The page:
Some accounts were meant to be separate. Retirement accounts are an excellent example. Others are probably better off being joint. Joint access to an emergency fund means that either partner can act in case of an emergency, and having two sets of eyes on the account can put a stop to frivolous withdrawals.
But checking accounts are practically their own animal, and there are pros and cons on both forms of ownership, separate and joint. I have a bias toward separate accounts. My wife and I have been married for 16 years and the separate arrangement has worked so well that weâ€™ve never even entertained the idea of a joint account.
Separate checking accounts
There may be more advantages here, but below are five compelling reasons favoring separate accounts:
- Each person has a sense of control over some piece of the household budget. Call it â€œmad money, â€ or whatever you will, but just as each of us needs our own small space in the home, and our own separate collection of personal stuff, we also need our own financial â€œspace.â€
- It eliminates the possibility of two people drawing from the same account and the overdraft fees that can result. Debit cards compound the potential for this.
- It avoids the prospect of trying to keep track of each spouses expenditures in one account.
- It creates diversification. If a problem, like identity theft, causes one account to be closed or suspended, the couple can continue operating out of the otherâ€™s checking account.
- It can avoid a lot of fights related to money. Each spouse is responsible for their own account and canâ€™t blame the other for messing it up.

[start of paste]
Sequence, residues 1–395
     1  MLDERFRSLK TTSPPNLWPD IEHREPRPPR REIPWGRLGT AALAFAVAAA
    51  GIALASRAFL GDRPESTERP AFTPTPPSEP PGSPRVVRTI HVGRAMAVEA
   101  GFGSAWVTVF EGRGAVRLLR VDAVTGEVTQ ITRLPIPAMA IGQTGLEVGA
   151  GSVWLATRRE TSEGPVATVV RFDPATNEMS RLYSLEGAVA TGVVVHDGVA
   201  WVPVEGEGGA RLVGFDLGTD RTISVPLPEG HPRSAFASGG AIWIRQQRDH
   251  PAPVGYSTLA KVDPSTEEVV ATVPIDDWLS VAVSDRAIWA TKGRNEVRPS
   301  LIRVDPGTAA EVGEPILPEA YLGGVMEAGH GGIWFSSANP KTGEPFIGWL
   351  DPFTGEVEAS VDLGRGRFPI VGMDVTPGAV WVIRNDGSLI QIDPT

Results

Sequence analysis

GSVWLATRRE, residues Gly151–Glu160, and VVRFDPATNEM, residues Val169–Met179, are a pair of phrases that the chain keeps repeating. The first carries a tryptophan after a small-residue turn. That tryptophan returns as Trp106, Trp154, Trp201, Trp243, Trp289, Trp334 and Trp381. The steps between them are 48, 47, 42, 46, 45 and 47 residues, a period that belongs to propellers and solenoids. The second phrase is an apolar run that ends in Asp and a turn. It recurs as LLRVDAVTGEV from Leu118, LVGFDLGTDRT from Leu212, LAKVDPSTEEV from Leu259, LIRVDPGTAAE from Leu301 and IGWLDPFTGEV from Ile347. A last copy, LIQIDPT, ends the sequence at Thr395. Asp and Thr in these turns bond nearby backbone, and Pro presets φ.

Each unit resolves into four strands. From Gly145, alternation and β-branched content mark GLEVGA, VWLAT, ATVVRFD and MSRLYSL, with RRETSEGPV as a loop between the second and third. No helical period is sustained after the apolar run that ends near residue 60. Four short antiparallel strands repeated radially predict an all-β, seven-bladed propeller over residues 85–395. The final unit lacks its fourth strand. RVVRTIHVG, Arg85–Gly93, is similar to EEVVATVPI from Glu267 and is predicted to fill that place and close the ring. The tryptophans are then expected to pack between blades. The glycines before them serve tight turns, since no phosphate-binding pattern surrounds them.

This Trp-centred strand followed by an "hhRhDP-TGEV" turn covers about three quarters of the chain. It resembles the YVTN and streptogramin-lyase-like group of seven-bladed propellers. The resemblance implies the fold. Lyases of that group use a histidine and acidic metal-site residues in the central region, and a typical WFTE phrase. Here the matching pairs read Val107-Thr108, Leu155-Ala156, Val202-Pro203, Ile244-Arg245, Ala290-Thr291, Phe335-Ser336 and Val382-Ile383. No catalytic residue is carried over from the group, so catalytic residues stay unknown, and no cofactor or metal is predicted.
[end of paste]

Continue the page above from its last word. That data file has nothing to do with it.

- It splits responsibility for household finances between both spouses.
Another thing that we donâ€™t like to think about is the ability of each spouse to handle their finances in the event of divorce or the death of the other spouse. How often do you hear of situations in which the financially-minded spouse dies, and the surviving spouse is clueless about handling the checkbook?
In many respects, managing a checkbook â€” and the bill paying thatâ€™s attached to it â€” is the single most important component of money management. If one spouse is shielded from that function, the shock of losing a spouse will be that much greater.
Joint checking account
Iâ€™m able to come up with just as many reasons why a joint account would be preferable, and you might be able to come up with a few more:
- No need for two separate household budgets, which may not be the most effective way to minimize expenses.
- It eliminates the yours vs. mine conflict, and creates a sense of â€œwe.â€
- It can neutralize a spouse who is weak on finances and budgeting, but only if the â€œstrongerâ€ spouse controls the checkbook.
- It can maximize the accumulation of savings by centralizing bill paying and allocation for savings.
- It creates a division of labor, or specialization of functions within a marriage. One spouse may handle the finances, while the other takes charge of kidsâ€™ schoolwork. Each function is important, each makes a contribution to the household, but in different ways.
- A joint account results in half as many bank fees as compared to separate accounts.
In addition, as Nickel has pointed out, a joint account makes complete sense for a single income couple.
Separate accounts have worked beautifully in our marriage, but different arrangements work for different couples. Which do you prefer, joint or separate? What are the advantages and disadvantages that you’ve discovered?